Bubonic Plague and Shakespeare

William Shakespeare

The Biography of William Shakespeare

  • How did the Bubonic Plague affect his life?
  • Symptoms, Cures & medical treatment?
  • When were the London outbreaks?
  • How many died? Family deaths? Theatre closures?
  • Interesting information about the family, life and times of William Shakespeare

Bubonic Plague and Shakespeare


  • William Shakespeare was terrified of the Bubonic Plague - and who can blame him?
  • England had been ravaged by outbreaks of the plague since the 1300's
  • He lost his sisters Joan, Margaret ( just babies) and Anne (aged 7) to the deadly plague
  • He also lost his brother Edmund (aged 27)
  • But the greatest loss to William Shakespeare was his only son, Hamnet, who died when he was just eleven years old

Picture of a Plague Physician in the
William Shakespeare era!

William Shakespeare Index


  • So many people from just one family (the number increased after Shakespeare's death when his grandsons, Shakespeare Quiney died in infancy, aged 6 months old, in May 1617 and his brothers Richard and Thomas Quiney died of the plague aged 19 and 20 years of age)
  • No-one knows how many friends, fellow actors and acquaintances of Shakespeare died of the Black Death, but given the number of his close relatives who died, it must have been a significant number
  • There were constant outbreaks of the Bubonic Plague and every time this occurred the Theatres were shut down. The closures occurred in 1593 , 1603 and 1608
  • In 1563, in London alone, over 20,000 people died of the disease - In 1665 the Great Plague of London again decimated the population of the town which killed 16% of the inhabitants (17,500 out of the population of 93,000)
  • The plague was not just confined to the towns. Nowhere was safe the same plague outbreak of 1563 claimed 80,000 people in England
  • From December 1592 until December 1593 Stow (the Elizabethan archivist) reported 10,675 plague deaths in London, a city of approximately 200,000 people


  • The City of London was filthy during Shakespeare's era
  • There was no sewage system. The waste was just dumped into the River Thames
  • The disease was transmitted by the fleas that lived on rodents and animals, especially rats
  • The Bubonic plague (Black Death) was always caught or spread from an infected animal or person


  • The symptoms are:
    • Painful swellings in the armpits, legs, neck, or groin
    • Very high fever
    • Delirium and mental disorientation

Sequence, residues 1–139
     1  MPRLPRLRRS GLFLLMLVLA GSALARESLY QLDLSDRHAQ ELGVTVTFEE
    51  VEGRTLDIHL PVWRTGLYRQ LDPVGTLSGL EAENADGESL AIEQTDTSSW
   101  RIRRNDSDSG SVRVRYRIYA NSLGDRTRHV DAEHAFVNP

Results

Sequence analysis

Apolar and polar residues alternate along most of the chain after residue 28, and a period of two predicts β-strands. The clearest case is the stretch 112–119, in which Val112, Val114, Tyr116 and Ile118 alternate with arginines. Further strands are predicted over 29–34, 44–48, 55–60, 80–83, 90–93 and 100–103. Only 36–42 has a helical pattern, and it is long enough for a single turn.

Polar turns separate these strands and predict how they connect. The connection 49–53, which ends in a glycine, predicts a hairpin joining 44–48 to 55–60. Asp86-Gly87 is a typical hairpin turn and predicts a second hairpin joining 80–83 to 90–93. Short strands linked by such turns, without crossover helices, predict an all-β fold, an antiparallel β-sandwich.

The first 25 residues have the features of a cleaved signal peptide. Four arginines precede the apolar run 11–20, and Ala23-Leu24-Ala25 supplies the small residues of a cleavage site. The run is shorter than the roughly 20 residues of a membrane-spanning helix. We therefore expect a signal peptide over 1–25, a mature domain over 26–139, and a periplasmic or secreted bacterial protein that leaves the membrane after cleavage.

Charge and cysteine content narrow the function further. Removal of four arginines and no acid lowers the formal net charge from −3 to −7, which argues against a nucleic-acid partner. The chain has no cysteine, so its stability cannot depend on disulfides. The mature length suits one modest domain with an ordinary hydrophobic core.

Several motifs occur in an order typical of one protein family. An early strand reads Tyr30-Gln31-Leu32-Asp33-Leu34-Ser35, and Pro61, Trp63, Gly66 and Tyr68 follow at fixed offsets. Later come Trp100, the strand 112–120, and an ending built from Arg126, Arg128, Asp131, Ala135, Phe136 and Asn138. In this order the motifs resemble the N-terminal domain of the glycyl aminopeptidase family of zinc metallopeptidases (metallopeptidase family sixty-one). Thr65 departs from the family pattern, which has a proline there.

• Vomiting
    • Muscular pains
    • Bleeding in the lungs
    • An intense desire to sleep, which, if yielded to, quickly proved fatal
  • The victims would often die within two to four days.
  • The children's song Ring around the Rosy Nursery Rhyme is believed to hold its origins in the Bubonic Plague


  • Some churches administered to the Bubonic Plague victims
  • 'Wise women' were called for help
  • Barbers doubled as surgeons
  • The Apothecary would dispense drugs
  • Only the wealthy would receive the ministrations of an Elizabethan Physician (as pictured above)
  • The Physicians outlandish attire did in fact afford him some protection
    • The bizarre mask shielded their heads and faces from bites from the plague carrying fleas
    • Their robes, boots and gloves shielded their bodies
    • This cover-all clothing would have protected the Physician from the fleas and therefore the Bubonic Plague
    • The Plague Physician would not have understood why the mask and clothing offered protection but experience would have indicated that these were sensible precautions to take!


  • The Elizabethans did not know what caused the Plague so they were unable to act against it or take any preventative measures
  • Each symptom was given a separate treatment:
    • Head pains were treated with with sweet-smelling herbs such as rose, lavender, sage, and bay
    • Stomach pains and sickness were treated with wormwood, mint, and balm
    • Lung problems - liquorice and comfrey
    • Vinegar was used as a cleansing agent
    • Bleeding a patient as a general cure for everything
    • Applying leeches to suck the blood of the victim


  • Very few victims of the plague survived
  • Shakespeare really was living with death
  • He must have been in constant fear
  • The number of outbreaks must have been terrifying
  • The whole of the life of William Shakespeare lived under this terrible Cloud of Death

Bubonic Plague and Shakespeare


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